How information beyond the genetic sequence is encoded in plant sperm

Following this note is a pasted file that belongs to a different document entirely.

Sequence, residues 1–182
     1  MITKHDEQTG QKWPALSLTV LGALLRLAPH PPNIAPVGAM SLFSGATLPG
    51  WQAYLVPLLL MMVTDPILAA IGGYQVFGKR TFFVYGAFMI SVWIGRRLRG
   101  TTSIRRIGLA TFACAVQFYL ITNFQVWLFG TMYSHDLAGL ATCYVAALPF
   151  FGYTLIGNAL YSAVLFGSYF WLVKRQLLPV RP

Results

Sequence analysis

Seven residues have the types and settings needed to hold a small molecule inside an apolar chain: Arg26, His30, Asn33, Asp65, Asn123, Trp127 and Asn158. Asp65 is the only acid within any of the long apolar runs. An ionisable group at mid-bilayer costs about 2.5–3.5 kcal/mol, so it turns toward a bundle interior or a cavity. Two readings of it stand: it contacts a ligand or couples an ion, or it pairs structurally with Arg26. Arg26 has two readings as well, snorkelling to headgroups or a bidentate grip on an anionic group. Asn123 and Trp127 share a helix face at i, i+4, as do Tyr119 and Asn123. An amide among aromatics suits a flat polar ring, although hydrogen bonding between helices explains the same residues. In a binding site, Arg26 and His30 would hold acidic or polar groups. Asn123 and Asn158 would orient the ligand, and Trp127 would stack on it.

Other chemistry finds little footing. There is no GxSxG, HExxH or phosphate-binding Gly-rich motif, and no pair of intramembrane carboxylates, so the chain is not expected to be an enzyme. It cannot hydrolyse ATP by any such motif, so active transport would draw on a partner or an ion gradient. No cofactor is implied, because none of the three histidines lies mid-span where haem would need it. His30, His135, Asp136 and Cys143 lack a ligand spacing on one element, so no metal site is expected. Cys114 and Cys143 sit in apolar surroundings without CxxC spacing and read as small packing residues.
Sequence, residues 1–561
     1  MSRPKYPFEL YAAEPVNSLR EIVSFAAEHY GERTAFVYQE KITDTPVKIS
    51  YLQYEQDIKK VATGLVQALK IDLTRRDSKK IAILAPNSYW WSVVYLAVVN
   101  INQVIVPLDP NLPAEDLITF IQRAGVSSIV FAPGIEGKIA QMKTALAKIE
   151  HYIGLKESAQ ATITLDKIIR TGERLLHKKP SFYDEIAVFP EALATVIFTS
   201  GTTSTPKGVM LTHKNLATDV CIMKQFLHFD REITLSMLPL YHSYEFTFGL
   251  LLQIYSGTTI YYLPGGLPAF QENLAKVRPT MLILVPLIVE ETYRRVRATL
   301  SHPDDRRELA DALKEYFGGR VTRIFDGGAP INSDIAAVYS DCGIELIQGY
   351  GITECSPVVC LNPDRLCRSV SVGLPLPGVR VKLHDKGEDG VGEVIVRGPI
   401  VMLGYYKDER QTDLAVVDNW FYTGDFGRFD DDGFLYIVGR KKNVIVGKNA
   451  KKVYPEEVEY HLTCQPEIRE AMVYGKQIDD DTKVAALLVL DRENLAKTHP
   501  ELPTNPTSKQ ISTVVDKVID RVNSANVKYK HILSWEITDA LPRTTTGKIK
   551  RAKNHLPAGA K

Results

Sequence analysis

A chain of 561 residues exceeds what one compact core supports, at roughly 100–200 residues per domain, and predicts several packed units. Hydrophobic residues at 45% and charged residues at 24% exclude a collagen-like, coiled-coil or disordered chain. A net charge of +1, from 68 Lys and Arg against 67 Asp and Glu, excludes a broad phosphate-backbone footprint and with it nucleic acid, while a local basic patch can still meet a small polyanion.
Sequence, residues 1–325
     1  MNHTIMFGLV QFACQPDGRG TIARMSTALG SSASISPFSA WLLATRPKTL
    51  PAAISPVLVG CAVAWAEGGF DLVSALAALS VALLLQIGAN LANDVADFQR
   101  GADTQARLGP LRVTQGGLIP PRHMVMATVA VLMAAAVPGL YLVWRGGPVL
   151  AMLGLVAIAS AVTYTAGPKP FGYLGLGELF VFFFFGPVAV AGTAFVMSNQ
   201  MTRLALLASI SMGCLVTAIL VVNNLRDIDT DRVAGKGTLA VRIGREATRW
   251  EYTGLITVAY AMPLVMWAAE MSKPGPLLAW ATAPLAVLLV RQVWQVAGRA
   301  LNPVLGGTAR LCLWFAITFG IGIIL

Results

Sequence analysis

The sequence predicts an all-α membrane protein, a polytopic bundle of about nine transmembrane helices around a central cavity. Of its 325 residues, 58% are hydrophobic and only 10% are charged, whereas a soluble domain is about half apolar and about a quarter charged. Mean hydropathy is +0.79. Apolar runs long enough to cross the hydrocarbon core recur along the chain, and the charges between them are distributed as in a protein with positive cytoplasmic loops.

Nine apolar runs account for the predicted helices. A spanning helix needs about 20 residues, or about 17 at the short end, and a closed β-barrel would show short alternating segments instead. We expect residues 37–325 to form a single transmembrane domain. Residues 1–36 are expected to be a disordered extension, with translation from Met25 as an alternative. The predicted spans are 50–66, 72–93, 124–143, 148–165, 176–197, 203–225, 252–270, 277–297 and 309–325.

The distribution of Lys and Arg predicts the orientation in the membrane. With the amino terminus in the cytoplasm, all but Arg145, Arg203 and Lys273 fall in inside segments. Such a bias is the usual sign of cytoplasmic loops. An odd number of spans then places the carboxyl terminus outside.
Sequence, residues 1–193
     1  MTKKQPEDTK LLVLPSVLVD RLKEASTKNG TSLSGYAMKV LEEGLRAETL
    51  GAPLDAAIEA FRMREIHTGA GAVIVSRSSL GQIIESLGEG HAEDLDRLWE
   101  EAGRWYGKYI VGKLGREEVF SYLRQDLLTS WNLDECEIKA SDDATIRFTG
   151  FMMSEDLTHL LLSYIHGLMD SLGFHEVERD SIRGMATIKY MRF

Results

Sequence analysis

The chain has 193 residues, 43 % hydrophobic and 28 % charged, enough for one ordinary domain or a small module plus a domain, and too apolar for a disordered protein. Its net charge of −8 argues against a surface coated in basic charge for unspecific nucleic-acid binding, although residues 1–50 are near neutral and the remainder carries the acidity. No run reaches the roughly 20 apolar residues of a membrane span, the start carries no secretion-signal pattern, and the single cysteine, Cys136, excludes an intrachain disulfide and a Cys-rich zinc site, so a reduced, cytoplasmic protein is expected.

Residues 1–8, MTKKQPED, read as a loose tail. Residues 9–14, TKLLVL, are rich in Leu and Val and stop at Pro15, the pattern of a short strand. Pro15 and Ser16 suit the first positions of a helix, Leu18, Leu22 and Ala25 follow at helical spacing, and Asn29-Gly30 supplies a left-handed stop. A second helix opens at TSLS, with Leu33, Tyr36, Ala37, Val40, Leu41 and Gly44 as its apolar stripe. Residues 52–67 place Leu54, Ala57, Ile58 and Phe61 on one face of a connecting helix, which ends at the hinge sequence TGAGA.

CLSY3 is a yellow fluorescent protein fused with. It is expressed specifically in the tapetal cells around the germ cells. Credit: John Innes Center The genetic code, DNA, passes hereditary information from parent to child. Epigenetically, chemically induced changes around the DNA can also pass this information. The John Innes Centre's new research has revealed a mechanism that adjusts these modifications and alters the way information is passed down through the generations. DNA methylation is one example of epigenetic modifications. It occurs when a chemical cap or methyl group is added to DNA. This switches on or off a gene or set of genes. Some methyl markers in germline cells (eggs, sperm) are reset as they develop. This affects the information that is passed on to the next generation. It is not clear how this happens during plant reproduction. Science published an exciting study that reveals the molecular mechanism for DNA methylation and reprogramming in male plants' germline. The anthers, which are the male reproductive parts of the plant, contain cells that divide to make sperm. They are surrounded with cells that nourish them. These nurse cells are known as tapetal cells. The John Innes Centre team found that tapetal cells produced a lot of small RNA molecules. They discovered this was caused by CLSY3, a protein that is located in tapetal cells in the anther. These small RNAs are found to move from the taptal cells into meiocytes. They add new methyl marks (unstable genetic element) to the transposons. When tapetal smallRNAs are absent, Gypsy1 transposon can be seen as active (shown in yellow fluorescence). Credit: John Innes Center "This discovery has changed the way we view epigenetic inheritance between generations of plants. The sperm's DNA methylome can be determined by small RNAs that are produced in germline nurse cells. These small RNAs play a key role in determining the inherited methylome. This is a sign of convergent functional evolutionary between animal and plant reproduction," Dr. Xiaoqi Feng (corresponding author), group leader at John Innes Centre. This reprogramming prevents transposons from jumping around inside germ cells and preserves the integrity the genome over time. These small RNAs target genes in meiocytes with the same DNA sequences of the source transposons. This helps to control gene expression and facilitate meiosis (a type of cell division that produces sperm). These findings are applicable to all plant and animal kingdoms, and offer a crucial new insight for the global community of epigenetics researchers. Although previous research has demonstrated that rice and maize have similar small RNA tapets, it was not clear why. This study provides new insights into the mechanistic basis of DNA methylation in commercial crops and could lead to biotechnology. Dr. Jincheng Long was the joint first author. He stated that "our study could open up a new avenue for crop biotechnology." By manipulating small RNA directed DNAmethylation in cells, one can directly influence the process of seed formation and breeding. The study is important for fundamental biological reasons, Dr. James Walker, who is the joint first author, explains that "our work demonstrates paternal epigenetic inheritance can be determined by tapetal cells which drive reprogramming on a scale unparalleled in plants. "The molecular mechanism that our research revealed pushes our understanding de novo DNAmethylation to the next stage, showing how new marks are established at certain sites in specific cells." Continue reading Study provides new insights into immortal plant cells Additional information: Science (2021) "Nurse cells derived small RNAs determine paternal epigenetic inheritance of Arabidopsis." Information from Science: Journal "Nurse cell-derived small RNAs determine paternal epigenetic inheritability in Arabidopsis." (2021). science.sciencemag.org/cgi/doi 11.26/science.abh0556

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